UCAS have removed the requirement for all students to declare whether they have unspent criminal convictions. Universities have their own approach and some continue to ask at a later stage, some no longer ask at all, and some ask applicants about any restrictions that may affect their studies.
Applicants for courses leading directly to regulated professions – medicine, teaching, or social work, among others – will be asked on their UCAS application to declare all criminal records unless they are protected/filtered. Universities should provide information on whether a course will require a disclosure and enhanced DBS check.
See our searchable database of all current policies.
Research from the US found no evidence that admitting people with criminal convictions led to a higher rate of crime on campus.
“There is no evidence that screening for criminal histories increases campus safety, nor is there any evidence suggesting that students with criminal records commit crimes on campus in any way or rate that differs from students without criminal records.”
- Asking applicants about convictions has a ‘chilling effect’, deterring applicants
- Attrition rates are a greater barrier to admission than rejections based on criminal conviction
- Criminal history screening policies have a disparate impact on African American applicants
The study recommended that universities stop asking about and considering criminal history information in admissions.
The case for change
People with criminal records are largely drawn from the groups least likely to progress to university. Evidence shows that some groups are disproportionately criminalised: people from low income households and people with learning difficulties and/or disabilities, those from some racialised communities and care experienced people. Along with mature students and first-in-family, these groups are under-represented at university. Despite education being widely recognised as a key factor in successful rehabilitation, benefiting people with convictions, their families, communities and the institution itself, admissions policies present serious psychological and practical challenges to access.
Higher education is a route to improving life chances. Almost half the prison population left school with no qualifications, 42% were permanently excluded and nearly a quarter (compared with 2% of the general population) have spent time in the care system as children. University applicants who have spent time in prison have already overcome huge educational, practical and psychological obstacles to even be in a position to apply.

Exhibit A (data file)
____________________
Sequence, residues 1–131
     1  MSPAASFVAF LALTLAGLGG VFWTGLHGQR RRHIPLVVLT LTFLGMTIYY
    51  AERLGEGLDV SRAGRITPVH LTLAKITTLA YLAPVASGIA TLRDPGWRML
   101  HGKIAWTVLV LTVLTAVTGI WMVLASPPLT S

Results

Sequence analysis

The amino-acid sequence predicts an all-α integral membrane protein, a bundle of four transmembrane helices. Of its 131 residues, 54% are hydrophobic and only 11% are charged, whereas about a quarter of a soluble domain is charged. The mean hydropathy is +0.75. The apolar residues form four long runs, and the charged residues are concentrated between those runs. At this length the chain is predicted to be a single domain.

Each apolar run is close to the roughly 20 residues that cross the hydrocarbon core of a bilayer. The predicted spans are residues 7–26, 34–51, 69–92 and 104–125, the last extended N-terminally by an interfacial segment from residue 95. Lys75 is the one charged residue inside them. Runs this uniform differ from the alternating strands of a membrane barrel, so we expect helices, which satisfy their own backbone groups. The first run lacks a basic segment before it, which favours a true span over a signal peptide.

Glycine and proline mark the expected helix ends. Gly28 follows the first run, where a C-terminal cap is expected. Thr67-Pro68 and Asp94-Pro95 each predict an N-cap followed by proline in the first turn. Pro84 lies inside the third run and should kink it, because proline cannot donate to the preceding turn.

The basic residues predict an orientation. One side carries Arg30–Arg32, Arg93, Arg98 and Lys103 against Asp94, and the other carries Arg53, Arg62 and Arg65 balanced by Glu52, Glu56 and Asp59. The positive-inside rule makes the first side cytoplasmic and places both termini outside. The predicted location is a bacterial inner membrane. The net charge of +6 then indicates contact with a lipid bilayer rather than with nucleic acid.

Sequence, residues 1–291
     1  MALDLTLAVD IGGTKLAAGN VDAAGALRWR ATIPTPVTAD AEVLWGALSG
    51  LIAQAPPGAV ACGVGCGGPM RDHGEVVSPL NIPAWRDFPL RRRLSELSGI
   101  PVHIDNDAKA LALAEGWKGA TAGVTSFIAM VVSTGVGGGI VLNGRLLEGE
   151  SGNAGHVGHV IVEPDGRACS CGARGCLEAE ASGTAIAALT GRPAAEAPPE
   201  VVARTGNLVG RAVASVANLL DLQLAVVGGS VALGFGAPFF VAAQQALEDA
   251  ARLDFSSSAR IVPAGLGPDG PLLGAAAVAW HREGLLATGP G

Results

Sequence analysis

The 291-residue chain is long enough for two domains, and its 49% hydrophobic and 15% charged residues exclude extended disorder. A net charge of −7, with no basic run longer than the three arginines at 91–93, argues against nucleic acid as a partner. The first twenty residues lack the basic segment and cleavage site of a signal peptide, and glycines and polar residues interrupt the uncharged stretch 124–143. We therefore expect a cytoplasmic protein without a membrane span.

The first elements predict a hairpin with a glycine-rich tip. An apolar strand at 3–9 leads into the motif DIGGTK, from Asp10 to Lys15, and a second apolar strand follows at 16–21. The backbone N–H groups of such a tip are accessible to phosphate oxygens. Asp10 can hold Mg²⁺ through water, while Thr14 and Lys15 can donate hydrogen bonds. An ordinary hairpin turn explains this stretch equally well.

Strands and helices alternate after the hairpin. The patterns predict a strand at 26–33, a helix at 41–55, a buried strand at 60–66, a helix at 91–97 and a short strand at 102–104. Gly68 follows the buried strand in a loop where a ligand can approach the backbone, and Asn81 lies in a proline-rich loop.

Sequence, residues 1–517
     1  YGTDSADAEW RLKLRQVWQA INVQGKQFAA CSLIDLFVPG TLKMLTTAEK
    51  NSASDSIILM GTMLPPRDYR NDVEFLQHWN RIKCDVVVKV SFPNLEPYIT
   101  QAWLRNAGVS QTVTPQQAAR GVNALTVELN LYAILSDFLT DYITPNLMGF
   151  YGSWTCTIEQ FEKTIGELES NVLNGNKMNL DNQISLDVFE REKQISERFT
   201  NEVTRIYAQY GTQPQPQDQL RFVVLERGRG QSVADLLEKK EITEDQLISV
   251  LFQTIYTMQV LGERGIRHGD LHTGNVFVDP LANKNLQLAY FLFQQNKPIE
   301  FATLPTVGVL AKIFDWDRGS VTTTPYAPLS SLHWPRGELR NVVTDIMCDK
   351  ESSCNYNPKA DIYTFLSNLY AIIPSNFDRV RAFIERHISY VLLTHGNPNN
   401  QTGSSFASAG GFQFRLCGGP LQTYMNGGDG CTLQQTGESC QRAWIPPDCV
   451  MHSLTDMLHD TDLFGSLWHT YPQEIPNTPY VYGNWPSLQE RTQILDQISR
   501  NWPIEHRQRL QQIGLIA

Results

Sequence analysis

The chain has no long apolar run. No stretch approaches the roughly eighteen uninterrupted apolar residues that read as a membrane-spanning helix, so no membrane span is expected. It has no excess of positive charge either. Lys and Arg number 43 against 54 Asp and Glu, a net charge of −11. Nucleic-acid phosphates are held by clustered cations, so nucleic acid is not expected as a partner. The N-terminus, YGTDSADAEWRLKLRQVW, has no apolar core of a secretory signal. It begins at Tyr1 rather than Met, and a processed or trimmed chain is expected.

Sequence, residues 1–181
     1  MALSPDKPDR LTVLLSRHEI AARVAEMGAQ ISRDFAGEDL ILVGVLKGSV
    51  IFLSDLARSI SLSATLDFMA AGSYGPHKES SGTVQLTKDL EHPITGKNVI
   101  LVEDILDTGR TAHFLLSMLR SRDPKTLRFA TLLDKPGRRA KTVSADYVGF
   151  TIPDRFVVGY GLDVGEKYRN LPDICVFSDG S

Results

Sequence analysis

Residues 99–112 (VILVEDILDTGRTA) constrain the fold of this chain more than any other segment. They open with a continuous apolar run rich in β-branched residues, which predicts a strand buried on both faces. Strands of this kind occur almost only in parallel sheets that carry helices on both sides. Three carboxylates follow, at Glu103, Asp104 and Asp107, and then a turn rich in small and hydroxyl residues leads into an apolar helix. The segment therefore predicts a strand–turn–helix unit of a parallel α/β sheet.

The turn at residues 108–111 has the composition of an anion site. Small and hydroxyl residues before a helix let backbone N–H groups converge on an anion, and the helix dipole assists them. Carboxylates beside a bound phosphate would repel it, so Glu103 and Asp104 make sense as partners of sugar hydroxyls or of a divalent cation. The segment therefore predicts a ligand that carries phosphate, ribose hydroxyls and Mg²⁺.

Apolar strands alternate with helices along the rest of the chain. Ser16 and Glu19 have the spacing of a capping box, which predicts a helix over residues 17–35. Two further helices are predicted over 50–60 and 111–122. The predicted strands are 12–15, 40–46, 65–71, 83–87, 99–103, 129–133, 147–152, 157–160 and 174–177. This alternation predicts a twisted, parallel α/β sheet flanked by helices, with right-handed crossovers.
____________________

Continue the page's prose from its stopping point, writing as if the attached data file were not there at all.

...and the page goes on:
People with criminal records are discouraged from applying. UCAS has removed the tick-box on its application form requiring every applicant to disclose “relevant unspent convictions”. However, most universities continue to ask during admissions. This discourages people with a criminal record from applying.
Universities have complex and differing policies and procedures. Good practice is often not followed. Some universities have a poor track record of treating individuals fairly.
What we’re doing
We are calling on all universities to sign up to our Fair Admissions Pledge.
We are taking forward this work through our Unlocking students with criminal records programme.
Useful links, resources and publications
Criminal convictions good practice for HE providers (UCAS, with support from Unlock, September 2018)
From the US
Beyond the Box (US Department of Education, 2016)
Boxed out: Criminal history screening and college application attrition (Centre for Community Alternatives, 2015)
The use of criminal history records in college admissions: Reconsidered (Centre for Community Alternatives, 2010)
For more information
- See our guidance on applying to university
- Visit our section for universities
- See posts relating to university and college admissions
- Share your views and experiences on our online forum